Expectations high as final preparations underway for 'mother of all Grand Galas'
Expectations are high for the 2022 Grand Gala, being hyped as the 'mother of all galas' to mark Jamaica's 60th anniversary of Independence from Great Britain.
The show has been expanded for this year and will be featuring numerous talents such as singers, dancers, and actors, many of whom were personally recruited by the artistic director, Michael Holgate.
The show is scheduled to start at 6 p.m.
Dancers from the L'Acadco: A United Caribbean Dance Force, founded by Dr. L'Antoinette Stines, said they were happy for the opportunity to perform in the Grand Gala and were eager for Saturday.
“I feel great. I feel like this is another milestone yet again. So, as a dancer to showcase and to give this much of myself and my art to the celebration and to be a part of it, I'm extremely grateful and humble,” said Krista Brathwaite, a dancer from L'Acadco.
De Marey Cohen, a fellow dancer, said it was a good experience for his first year in the company.
“I think it's something that's very important for Jamaica to be 60 years old and I think it's something that is worth celebrating. So, for me, it's very patriotic and it's something that I feel is very necessary for all Jamaicans to just come out and enjoy,” said Akeem Mignott, an actor in the show.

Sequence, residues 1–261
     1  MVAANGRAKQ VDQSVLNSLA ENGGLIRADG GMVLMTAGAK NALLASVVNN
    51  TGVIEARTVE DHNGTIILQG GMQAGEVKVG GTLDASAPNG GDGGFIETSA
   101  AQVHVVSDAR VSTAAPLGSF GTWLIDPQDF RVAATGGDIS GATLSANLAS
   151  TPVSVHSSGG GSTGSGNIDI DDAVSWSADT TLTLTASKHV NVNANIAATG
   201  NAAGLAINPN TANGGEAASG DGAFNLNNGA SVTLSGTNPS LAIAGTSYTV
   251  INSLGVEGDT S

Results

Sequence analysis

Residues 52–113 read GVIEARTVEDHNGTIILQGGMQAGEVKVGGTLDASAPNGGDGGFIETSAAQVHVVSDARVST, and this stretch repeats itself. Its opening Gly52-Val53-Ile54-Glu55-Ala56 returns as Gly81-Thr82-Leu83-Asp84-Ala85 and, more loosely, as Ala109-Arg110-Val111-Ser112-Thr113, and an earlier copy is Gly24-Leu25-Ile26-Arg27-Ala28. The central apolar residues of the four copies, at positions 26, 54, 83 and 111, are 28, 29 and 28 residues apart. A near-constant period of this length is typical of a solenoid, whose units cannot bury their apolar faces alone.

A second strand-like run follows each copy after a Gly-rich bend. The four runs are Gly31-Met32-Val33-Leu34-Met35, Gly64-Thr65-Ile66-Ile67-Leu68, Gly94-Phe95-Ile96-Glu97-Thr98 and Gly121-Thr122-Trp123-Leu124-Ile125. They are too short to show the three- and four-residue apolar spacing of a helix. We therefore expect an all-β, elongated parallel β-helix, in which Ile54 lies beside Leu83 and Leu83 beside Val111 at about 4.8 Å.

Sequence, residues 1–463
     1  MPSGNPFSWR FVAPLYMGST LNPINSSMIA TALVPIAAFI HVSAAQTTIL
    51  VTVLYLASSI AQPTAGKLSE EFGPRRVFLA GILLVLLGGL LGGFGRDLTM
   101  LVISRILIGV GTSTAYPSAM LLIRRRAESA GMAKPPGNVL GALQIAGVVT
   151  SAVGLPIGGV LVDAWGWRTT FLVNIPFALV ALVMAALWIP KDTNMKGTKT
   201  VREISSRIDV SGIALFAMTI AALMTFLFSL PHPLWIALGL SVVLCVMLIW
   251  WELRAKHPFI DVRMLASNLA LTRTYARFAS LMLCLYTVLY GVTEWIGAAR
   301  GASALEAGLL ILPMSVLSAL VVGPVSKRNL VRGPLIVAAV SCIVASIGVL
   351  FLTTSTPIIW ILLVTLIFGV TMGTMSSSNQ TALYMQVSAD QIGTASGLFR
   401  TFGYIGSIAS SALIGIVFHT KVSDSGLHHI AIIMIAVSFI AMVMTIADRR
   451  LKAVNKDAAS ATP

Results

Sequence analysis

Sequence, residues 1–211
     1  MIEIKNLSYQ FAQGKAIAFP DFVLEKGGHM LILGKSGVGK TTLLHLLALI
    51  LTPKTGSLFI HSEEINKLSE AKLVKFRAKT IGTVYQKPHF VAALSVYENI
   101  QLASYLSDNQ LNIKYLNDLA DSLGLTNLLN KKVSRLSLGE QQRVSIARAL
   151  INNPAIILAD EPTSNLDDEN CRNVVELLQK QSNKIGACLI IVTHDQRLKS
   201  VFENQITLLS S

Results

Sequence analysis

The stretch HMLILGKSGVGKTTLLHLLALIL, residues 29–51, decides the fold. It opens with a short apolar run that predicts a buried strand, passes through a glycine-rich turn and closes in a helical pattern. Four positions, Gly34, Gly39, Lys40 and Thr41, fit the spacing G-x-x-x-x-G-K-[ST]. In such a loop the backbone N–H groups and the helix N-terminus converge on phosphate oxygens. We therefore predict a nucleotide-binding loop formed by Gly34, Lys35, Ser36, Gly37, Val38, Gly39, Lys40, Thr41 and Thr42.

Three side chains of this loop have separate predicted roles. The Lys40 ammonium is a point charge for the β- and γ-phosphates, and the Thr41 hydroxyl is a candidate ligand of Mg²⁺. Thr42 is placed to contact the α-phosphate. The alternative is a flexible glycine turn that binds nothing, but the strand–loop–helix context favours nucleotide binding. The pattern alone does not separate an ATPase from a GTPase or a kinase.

Singer dBURNZ, also an actor in the show, said that he expected the show to be “nothing but greatness”.
“It's gonna be big. It's the 60th anniversary of Jamaica's Independence and people have bee waiting for this, people have been looking forward to this. So, people a go turn up and a just bare niceness when dem forward,” he said.
Miss United Nations World Toni Ann Lalor, who was at the final rehearsal Friday in support of the dancers, said she was happy with how things were progressing. “I think it's going to be great. So far, I'm very impressed and I think Jamaica's going to love it,” she said.
Holgate said the preparations for the show were going well.
“The rain came a couple times, but apart from that, it's been good. The young people have been excited and ready to come out of COVID and dance again,” he said.
He continued: “I'm expecting that Jamaica will get a good show that represents our Independence celebrations, civic pride, a sense of who we are after 60 years. Not perfect by any specifications but working on it, and using our culture and our creative arts which is the bedrock and foundation of our identity as Jamaican people.”
Holgate said that he felt honoured to be asked to be the artistic director and to be working with the young people drawn from various communities.
“These are communities all over Kingston, sometimes communities that you would think that there's only violence and those things coming out of them. But, what's coming out of these students is an understanding that when you work with people from where they're at, when you work with people based on their culture, when you work with people based on their understanding of themselves and help them to love one another, we can't go wrong.”
Dr. Stines, one of the choreographers for the show and the director for the section dubbed 'Africa', shared similar sentiments as she lauded the performers and staff.
“Everybody has been working very hard to represent Jamaica well. I'm very proud of the choreographers. I'm very proud of the children especially. The stars are the children…those little kids that go on that stage and do what they do for Jamaica,” she said.
- Sonae Rose
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